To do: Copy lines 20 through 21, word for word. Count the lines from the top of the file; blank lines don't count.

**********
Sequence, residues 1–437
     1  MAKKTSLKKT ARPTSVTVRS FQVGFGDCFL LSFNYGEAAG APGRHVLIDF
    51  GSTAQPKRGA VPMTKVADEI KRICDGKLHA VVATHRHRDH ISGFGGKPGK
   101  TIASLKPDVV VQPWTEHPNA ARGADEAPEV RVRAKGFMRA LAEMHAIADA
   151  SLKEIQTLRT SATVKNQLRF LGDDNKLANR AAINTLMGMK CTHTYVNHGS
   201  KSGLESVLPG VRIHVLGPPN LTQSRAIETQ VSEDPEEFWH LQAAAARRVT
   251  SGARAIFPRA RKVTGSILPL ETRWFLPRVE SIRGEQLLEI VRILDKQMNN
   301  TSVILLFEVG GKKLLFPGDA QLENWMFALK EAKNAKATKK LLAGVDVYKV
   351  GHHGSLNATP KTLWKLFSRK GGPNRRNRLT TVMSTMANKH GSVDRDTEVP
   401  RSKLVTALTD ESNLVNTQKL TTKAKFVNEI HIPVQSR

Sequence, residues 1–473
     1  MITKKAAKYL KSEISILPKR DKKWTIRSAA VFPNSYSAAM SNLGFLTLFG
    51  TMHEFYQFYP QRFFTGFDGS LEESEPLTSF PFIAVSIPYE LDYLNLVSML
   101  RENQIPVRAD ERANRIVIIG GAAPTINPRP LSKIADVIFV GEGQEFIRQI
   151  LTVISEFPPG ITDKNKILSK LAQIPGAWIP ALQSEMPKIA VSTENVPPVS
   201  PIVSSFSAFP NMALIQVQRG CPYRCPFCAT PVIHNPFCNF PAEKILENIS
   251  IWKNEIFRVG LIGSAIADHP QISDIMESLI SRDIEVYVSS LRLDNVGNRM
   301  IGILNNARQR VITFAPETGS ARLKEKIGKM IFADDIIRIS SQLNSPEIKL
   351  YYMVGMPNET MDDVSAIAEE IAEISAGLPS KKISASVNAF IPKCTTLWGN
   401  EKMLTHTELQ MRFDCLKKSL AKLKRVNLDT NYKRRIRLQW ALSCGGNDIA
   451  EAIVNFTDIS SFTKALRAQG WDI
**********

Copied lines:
   401  EKMLTHTELQ MRFDCLKKSL AKLKRVNLDT NYKRRIRLQW ALSCGGNDIA
   451  EAIVNFTDIS SFTKALRAQG WDI